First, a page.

The only other significant news today for the portfolio came from Da Donald. Given that Trump Hotel & Casinos (NYSE: DJT) failed to release its March quarter results pronto, our own Paul Larson (TMF Parlay) predicted that Mr. Trump's gambling empire probably came up snake eyes. And... he was right! Trump was trumped today, losing $5/8 (or 12%) to $4 5/8 after reporting lousy first quarter results. Since we're short the stock, Trump's bad news is our good news.
The company's results appear to have deteriorated slightly across the board. Revenues dipped a bit to $316.1 million from $316.6 million in the year-ago period. EBITDA, or earnings before all the bad stuff (interest, taxes, depreciation, amortization, etc.), declined to $50.6 million from $52.5 million. Since there's a lot of bad stuff -- like $55.5 million in interest payments thanks to the company's mass o'debt -- chez Donald lost $20.2 million, or $0.91 per share before one-time charges. That wasn't just worse than the $17.7 million, or $0.79 per share, gambled away in the year-ago period. It was also a lot worse than the $0.58 per share loss analysts expected.
Looking at specific properties, the only one to show higher revenues and EBITDA was tiny Trump Indiana, where sales jumped to $36.9 million from $28.3 million a year ago and EBITDA rose to $5.0 million from $3.1 million. The only other positive news was that results improved during April, leaving revenues for the first four months of the year up over last year and pushing year-to-date EBITDA to $74.4 million from $65.9 million.
Of course, the company may have held off reporting earnings until now so it could conjure up some ameliorating good news. Da Donald has been trying to pull off such Jedi mind tricks to distract investors for a while. Paul may have more to say about Trump next week, but the results look predictably bad to me.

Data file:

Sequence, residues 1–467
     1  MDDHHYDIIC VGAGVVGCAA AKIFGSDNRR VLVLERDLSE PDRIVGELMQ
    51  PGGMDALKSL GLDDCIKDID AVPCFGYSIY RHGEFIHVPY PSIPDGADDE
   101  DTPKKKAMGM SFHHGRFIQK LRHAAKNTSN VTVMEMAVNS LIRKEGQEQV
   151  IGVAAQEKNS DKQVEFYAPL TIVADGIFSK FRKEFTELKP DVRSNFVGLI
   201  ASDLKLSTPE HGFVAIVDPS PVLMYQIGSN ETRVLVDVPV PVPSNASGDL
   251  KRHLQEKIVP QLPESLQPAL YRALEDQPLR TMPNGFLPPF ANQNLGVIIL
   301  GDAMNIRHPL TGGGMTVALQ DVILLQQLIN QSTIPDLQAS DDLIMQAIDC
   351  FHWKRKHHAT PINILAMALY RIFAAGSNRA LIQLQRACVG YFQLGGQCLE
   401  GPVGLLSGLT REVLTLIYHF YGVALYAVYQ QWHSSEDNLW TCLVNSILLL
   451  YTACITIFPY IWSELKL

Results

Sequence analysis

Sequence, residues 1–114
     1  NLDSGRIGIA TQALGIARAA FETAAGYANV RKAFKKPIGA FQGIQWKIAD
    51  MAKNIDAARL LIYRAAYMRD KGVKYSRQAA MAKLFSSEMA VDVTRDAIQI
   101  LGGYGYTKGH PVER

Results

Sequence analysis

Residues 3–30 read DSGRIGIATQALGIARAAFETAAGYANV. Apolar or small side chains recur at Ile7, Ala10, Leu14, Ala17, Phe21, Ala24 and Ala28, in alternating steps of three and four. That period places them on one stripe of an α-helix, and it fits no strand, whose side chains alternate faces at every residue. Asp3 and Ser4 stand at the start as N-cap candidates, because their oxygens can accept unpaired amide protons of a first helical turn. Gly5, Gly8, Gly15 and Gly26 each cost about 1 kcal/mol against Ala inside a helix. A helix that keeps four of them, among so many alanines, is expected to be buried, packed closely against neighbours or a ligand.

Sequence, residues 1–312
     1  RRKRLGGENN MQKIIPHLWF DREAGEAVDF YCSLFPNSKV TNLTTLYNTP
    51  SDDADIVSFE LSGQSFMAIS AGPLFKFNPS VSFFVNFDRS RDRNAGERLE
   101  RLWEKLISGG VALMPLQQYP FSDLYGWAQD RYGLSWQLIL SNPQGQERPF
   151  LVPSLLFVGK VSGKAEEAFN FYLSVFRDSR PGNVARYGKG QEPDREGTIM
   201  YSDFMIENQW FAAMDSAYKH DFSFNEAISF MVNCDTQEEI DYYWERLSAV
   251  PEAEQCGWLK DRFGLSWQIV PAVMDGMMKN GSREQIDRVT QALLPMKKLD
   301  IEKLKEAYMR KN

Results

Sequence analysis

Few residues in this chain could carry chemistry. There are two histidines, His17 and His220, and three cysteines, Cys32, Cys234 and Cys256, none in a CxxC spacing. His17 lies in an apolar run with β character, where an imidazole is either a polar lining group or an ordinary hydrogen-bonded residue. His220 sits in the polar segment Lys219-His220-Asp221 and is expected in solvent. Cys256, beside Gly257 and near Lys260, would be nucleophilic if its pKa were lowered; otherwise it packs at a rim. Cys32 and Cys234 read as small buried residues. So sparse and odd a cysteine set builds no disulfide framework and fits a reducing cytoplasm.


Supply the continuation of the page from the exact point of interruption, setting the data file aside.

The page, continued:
In the meantime, be sure to check out our Stocks for Mom feature and Yi-Hsin Chang's excellent reporting on the activities this week at Warren Buffett's annual shindig. And have a great weekend!
Day Month Year History Annualized R-BREAKER -0.43% -12.47% 42.13% 1326.61% 74.93% S&P: +0.97% 0.74% 9.74% 206.97% 26.61% NASDAQ: +1.27% -1.54% 14.18% 247.64% 29.97% Rec'd # Security In At Now Change 8/5/94 2200 AmOnline 0.91 118.25 12910.95% 9/9/97 1320 Amazon.com 6.58 136.38 1972.81% 5/17/95 1960 Iomega Cor 1.28 4.81 275.86% 12/4/98 450 @Home Corp 56.08 157.75 181.29% 2/26/99 300 eBay 100.53 176.69 75.76% 12/16/98 580 Amgen 42.88 63.63 48.40% 4/30/97 -1170*Trump* 8.47 4.63 45.39% 2/23/99 290 Goodyear T 48.72 66.75 37.02% 2/23/99 300 Caterpilla 46.96 63.19 34.54% 2/20/98 260 DuPont 58.84 74.13 25.97% 7/2/98 470 Starbucks 27.95 34.63 23.86% 2/23/99 180 Chevron 79.17 94.88 19.84% 1/8/98 425 3Dfx 25.67 17.31 -32.55% Rec'd # Security In At Value Change 8/5/94 2200 AmOnline 1999.47 260150.00 $258150.53 9/9/97 1320 Amazon.com 8684.60 180015.00 $171330.40 12/4/98 450 @Home Corp 25236.13 70987.50 $45751.37 2/26/99 300 eBay 30158.00 53006.25 $22848.25 12/16/98 580 Amgen 24867.50 36902.50 $12035.00 5/17/95 1960 Iomega Cor 2509.60 9432.50 $6922.90 2/23/99 290 Goodyear T 14127.38 19357.50 $5230.13 2/23/99 300 Caterpilla 14089.25 18956.25 $4867.00 4/30/97 -1170*Trump* -9908.50 -5411.25 $4497.25 2/20/98 260 DuPont 15299.43 19272.50 $3973.07 7/2/98 470 Starbucks 13138.63 16273.75 $3135.13 2/23/99 180 Chevron 14250.50 17077.50 $2827.00 1/8/98 425 3Dfx 10908.63 7357.81 -$3550.81 CASH $9924.87 TOTAL $713302.68Note: The Rule Breaker Portfolio was launched on August 5, 1994, with $50,000. Additional cash is never added, all transactions are shared and explained publicly before being made, and returns are compared daily to the S&P 500 (including dividends in the yearly, historic and annualized returns). For a history of all transactions, please click here.